The January 19 2004 rapid access issue of Hypertension: Journal of the American Heart Association, published the results of a study conducted at the Netherlands Institute for Brain Research in Amsterdam, which found that hypertensive men taking the hormone melatonin experienced reduced nighttime blood pressure. Melatonin is a hormone involved in circadian rhythms produced by the pineal gland in the brain, and is taken as a safe over the counter sleep remedy by numerous individuals.
Sixteen men with untreated essential hypertension were administered 2.5 milligrams melatonin or a placebo one hour before sleep for three weeks, and the results were compared to those obtained when melatonin was given for one day only. In those who received the longer melatonin treatment, ystolic blood pressure dropped by 6 millimeters of mercury and diastolic blood pressure was reduced by 4 millimeters Melatonin given in one single dose only had no effect on blood pressure. Additionally, the group who received melatonin reported an improvement in sleep.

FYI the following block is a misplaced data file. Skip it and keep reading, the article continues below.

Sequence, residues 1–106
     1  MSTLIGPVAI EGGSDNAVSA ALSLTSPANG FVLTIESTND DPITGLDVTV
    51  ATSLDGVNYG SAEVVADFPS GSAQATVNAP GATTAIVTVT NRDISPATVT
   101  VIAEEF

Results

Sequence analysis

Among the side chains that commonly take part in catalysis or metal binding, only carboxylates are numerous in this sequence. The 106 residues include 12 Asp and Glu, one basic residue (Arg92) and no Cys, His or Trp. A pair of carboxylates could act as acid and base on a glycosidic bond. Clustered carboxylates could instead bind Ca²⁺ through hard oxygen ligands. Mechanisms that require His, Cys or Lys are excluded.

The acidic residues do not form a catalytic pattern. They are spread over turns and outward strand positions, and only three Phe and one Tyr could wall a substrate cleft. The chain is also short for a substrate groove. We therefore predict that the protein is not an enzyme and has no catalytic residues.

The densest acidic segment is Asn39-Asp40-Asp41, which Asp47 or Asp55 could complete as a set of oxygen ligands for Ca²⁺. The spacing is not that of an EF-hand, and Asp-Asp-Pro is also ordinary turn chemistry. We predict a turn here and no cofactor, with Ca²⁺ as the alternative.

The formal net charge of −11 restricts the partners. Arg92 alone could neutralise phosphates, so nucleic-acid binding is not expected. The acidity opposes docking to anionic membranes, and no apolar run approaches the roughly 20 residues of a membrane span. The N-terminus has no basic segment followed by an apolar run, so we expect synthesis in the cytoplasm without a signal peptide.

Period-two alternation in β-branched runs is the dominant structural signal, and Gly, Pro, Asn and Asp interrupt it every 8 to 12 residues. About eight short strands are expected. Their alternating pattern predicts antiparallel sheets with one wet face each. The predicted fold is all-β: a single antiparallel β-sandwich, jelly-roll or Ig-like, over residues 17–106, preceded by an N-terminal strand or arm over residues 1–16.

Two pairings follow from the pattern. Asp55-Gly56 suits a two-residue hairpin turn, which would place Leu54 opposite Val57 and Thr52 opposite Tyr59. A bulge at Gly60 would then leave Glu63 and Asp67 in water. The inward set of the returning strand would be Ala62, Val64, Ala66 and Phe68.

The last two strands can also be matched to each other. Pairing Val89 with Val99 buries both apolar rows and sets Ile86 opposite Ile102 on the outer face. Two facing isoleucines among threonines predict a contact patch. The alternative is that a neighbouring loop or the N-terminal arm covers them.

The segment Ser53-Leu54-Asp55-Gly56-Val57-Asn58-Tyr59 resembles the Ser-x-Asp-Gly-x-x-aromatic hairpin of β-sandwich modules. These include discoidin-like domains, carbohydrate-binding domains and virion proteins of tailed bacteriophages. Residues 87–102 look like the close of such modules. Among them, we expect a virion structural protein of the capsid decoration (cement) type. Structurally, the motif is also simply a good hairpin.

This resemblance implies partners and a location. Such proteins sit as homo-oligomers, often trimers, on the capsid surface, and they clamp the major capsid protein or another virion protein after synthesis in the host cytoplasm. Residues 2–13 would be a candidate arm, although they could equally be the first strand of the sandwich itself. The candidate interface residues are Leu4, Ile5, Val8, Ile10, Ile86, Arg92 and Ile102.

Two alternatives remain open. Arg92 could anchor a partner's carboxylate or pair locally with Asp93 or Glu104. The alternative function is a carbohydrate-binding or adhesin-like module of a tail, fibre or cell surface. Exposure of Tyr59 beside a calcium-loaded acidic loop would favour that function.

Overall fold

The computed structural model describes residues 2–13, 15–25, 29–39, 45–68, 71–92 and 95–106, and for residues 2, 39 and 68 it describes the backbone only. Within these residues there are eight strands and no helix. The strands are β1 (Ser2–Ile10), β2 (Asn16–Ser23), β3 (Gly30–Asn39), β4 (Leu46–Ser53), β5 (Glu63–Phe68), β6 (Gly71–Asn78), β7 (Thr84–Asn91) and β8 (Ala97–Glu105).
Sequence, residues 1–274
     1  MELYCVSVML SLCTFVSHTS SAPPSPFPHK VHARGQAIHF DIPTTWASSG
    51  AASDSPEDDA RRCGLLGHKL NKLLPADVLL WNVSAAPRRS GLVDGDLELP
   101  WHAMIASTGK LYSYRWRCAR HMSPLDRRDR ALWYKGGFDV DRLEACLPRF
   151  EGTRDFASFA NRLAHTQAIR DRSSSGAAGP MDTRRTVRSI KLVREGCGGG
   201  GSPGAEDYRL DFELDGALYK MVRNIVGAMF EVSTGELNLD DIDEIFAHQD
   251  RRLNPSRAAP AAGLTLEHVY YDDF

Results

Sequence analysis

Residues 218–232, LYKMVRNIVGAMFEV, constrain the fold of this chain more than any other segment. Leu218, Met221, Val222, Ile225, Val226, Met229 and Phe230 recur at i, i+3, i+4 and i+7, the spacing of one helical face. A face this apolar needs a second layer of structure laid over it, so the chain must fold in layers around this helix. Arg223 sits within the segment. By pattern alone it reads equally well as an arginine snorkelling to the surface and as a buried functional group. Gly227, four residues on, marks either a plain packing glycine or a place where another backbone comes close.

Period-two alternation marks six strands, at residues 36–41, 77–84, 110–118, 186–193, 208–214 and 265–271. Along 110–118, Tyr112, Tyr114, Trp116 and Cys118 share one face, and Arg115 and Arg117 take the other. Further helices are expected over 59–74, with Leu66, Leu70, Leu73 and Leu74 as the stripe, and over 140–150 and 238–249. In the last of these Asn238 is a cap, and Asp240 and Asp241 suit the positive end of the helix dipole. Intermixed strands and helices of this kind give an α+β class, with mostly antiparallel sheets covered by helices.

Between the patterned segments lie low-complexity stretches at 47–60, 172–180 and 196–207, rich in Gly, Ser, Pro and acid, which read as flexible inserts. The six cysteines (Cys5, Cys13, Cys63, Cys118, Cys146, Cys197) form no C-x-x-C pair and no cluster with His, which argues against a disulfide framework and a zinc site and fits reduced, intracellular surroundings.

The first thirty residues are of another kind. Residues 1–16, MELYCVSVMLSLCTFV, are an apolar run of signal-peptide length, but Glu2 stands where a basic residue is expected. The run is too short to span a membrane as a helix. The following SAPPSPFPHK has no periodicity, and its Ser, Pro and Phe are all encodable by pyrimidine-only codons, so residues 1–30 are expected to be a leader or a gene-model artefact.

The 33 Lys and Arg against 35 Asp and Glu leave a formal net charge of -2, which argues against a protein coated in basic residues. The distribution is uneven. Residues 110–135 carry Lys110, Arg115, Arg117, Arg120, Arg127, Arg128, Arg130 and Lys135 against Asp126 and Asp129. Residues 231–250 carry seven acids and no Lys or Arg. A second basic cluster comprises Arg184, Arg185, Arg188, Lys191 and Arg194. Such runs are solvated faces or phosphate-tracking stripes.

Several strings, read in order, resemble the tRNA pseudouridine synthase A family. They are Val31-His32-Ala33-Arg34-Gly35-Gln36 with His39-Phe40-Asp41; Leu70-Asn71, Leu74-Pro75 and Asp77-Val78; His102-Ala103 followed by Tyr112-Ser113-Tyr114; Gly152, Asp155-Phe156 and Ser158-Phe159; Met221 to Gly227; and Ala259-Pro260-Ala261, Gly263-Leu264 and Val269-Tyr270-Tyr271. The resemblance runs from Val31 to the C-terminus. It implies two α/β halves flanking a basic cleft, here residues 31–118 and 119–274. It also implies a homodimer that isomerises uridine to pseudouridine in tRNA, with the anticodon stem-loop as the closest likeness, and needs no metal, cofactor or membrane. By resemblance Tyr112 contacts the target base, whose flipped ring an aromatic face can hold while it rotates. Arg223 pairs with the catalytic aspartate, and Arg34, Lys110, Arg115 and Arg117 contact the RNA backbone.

Lead author Frank A.J.L. Scheer , PhD, who is a neuroscientist at Brigham and Women’s Hospital in Boston and at Harvard Medical School’s division of sleep medicine, commented, “It has been reported that people with high blood pressure often have suppressed nighttime melatonin levels. We have recently found that people with high blood pressure have actual anatomical disturbances of their biological clocks. This finding might open the door for a new approach for treating hypertension.” He added, “This is just a start. Large-scale studies need to be done, as well as studies of potential interactions between melatonin and traditional antihypertensive treatments.”
Source: Life Extension Foundation (LEF), online at www.lef.org.